International

Countries pledge $1.1bn to avert Yemen famine

GENEVA: Countries around the world on Tuesday pledged more than one billion dollars to help prevent a looming famine in war-torn Yemen at a conference UN chief Antonio Guterres called a “remarkable success.”

Yet the $1.1 billion (1.0 billion euros) promised fell far short of the $2.1 billion the United Nations has estimated is needed this year alone in a country facing “a tragedy of immense proportions.”

But Guterres praised the generosity of donor nations, pointing out that such conferences generally do not gather more than a third of the requested amount.

This shows a “remarkable solidarity with the Yemeni people,” the UN secretary general told reporters.

Swiss Foreign Minister Didier Burkhalter, who along with his Swedish counterpart co-hosted the conference, also applauded the results but acknowledged that “we need even more.”

When opening the conference Tuesday morning, Guterres had said it was vital to act quickly.

“We are witnessing the starving and the crippling of an entire generation,” he said, adding that Yemen is gripped by “the world’s largest hunger crisis”.

He warned that children especially were already dying at an alarming rate, but stressed that “a famine can be prevented if we act quickly and commit to funding crucial life-saving assistance”.

The UN had already said back in February that it would need $2.1 billion to help avert famine in Yemen, but by the time Tuesday’s conference opened, that appeal had only been 15 percent funded.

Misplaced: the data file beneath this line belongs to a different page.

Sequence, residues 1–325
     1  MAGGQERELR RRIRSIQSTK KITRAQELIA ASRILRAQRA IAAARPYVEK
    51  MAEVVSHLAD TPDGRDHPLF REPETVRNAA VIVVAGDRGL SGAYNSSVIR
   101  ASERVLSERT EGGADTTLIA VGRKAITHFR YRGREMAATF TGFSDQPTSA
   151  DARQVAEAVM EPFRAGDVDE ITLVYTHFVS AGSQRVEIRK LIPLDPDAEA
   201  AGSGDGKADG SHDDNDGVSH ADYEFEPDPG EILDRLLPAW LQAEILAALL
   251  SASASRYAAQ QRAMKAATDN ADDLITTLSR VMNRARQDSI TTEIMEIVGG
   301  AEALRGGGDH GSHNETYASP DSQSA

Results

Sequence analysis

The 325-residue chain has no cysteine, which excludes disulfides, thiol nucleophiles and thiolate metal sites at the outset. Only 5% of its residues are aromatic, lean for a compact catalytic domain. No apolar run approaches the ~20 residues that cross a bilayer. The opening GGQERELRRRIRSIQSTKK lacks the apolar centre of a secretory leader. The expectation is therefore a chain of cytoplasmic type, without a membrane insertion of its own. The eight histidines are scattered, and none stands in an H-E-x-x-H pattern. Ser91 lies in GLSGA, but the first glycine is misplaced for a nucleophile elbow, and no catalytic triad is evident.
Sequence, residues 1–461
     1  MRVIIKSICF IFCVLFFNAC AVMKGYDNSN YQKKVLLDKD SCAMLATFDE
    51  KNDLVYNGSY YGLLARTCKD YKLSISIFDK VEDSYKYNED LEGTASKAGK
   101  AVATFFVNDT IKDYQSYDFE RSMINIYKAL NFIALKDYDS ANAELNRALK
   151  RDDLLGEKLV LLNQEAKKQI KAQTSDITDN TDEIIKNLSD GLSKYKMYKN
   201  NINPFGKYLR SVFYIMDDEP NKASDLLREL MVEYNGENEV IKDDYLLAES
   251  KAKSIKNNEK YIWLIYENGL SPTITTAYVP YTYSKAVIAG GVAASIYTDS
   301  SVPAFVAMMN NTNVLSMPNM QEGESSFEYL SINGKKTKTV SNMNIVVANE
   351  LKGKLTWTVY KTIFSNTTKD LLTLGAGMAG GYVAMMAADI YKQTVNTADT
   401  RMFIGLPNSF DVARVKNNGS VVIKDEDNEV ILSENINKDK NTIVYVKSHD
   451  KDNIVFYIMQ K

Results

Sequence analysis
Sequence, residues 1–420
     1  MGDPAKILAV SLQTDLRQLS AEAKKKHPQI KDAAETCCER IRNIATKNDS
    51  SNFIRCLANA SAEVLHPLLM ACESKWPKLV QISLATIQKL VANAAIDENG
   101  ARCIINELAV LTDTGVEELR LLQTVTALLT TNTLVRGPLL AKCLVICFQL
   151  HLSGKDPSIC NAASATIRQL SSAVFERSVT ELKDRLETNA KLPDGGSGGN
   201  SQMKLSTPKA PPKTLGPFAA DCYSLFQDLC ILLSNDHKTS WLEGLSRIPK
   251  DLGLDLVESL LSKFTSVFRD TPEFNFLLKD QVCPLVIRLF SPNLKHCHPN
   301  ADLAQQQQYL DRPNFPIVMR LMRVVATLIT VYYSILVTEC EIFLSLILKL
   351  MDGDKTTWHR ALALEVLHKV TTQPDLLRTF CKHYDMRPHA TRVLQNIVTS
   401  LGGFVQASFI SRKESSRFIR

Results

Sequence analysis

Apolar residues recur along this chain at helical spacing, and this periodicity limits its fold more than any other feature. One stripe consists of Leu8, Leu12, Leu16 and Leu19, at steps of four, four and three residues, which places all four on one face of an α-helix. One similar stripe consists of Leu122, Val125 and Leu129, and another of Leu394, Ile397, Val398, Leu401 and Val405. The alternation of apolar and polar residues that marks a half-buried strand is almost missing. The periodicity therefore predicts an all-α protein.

‘Writhing with hunger’

Yemen’s Prime Minister Ahmed Obaid Mubarek Bin-Dagher had urged donors to be generous, describing how some of his compatriots were “writhing with hunger”.

“$2.1 billion is the minimum that we should plan on raising,” he told the conference.

UN humanitarian chief Stephen O’Brien meanwhile said that Yemen was “the world’s largest humanitarian crisis today.”

“We must do more and can do more,” he said, insisting that “we can, with your money and support, scale up, we can avert famine and the worst catastrophe.”

But O’Brien underlined that humanitarian aid alone would not resolve Yemen’s crisis.

“We need an immediate cessation of hostilities and a return to negotiations and peace,” he said.

Yemen’s war has pitted pro-government forces against Iran-backed Huthi rebels and their allies, renegade troops loyal to former president Ali Abdullah Saleh.

A Saudi-led coalition intervened in Yemen in March 2015 to help the government retake the capital Sanaa and swathes of the country’s north and west.

Fighting in Yemen has killed more than 7,700 people over the past two years and forced 3.3 million people to flee their homes, according to UN numbers.

All UN mediation attempts and seven declared ceasefires have so far failed.

’50 children will die’

The conflict has dramatically deepened Yemen’s drawn-out humanitarian crisis, with a full 19 millions people — two-thirds of the population — now in need of humanitarian aid, the UN said.

A total of 17 million of them are going hungry, including more than two million children currently considered acutely malnourished.

“On average, a child under the age of five dies of preventable causes in Yemen every 10 minutes,” Guterres said.

“This means 50 children in Yemen will die during today’s conference, and all those deaths could have been prevented.”

Many of the children who survive “will be affected by stunting and poor health for their entire lives,” he added.

Anthony Lake, head of the UN children’s agency, urged the world to act immediately, warning that “these children cannot wait for an official famine to be declared.”

Swedish Foreign Minister Margot Wallstrom noted that with two million children out of school, there is a growing risk of recruitment by armed groups, while two-thirds of girls are married off before the age of 18.

“We must act now”, she said.

 

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